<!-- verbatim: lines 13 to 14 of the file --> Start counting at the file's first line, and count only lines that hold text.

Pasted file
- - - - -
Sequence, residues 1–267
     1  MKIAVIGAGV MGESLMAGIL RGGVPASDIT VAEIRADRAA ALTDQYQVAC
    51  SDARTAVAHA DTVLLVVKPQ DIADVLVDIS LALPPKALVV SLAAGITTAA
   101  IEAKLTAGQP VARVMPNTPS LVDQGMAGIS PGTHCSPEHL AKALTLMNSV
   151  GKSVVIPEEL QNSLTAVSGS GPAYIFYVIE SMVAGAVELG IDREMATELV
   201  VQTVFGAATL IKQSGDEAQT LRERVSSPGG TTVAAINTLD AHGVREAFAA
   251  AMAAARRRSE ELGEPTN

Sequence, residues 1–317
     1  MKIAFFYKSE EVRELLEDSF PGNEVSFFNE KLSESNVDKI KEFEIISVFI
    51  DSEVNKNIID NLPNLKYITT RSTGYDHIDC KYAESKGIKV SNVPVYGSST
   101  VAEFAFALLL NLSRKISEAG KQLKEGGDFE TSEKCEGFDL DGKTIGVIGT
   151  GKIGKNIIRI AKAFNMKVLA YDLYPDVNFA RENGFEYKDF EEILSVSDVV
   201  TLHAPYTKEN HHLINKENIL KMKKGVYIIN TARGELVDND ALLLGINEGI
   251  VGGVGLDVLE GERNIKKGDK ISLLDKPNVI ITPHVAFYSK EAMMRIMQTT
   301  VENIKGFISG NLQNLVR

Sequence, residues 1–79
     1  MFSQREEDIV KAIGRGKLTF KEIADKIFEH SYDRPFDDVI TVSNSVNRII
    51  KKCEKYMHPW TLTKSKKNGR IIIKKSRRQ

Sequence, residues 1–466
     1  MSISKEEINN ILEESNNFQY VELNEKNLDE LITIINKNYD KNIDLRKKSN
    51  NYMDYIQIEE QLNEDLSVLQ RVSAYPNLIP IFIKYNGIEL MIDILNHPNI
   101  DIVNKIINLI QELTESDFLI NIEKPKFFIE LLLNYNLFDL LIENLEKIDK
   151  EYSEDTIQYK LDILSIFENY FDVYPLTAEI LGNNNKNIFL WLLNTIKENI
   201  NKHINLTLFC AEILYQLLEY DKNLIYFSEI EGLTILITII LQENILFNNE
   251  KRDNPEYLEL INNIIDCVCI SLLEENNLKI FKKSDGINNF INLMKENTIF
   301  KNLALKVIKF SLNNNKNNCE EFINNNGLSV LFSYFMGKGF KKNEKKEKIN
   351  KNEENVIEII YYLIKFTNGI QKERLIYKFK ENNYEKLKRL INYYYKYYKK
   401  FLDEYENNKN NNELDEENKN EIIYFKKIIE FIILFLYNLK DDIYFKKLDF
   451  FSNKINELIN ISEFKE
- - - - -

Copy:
   201  TLHAPYTKEN HHLINKENIL KMKKGVYIIN TARGELVDND ALLLGINEGI
   251  VGGVGLDVLE GERNIKKGDK ISLLDKPNVI ITPHVAFYSK EAMMRIMQTT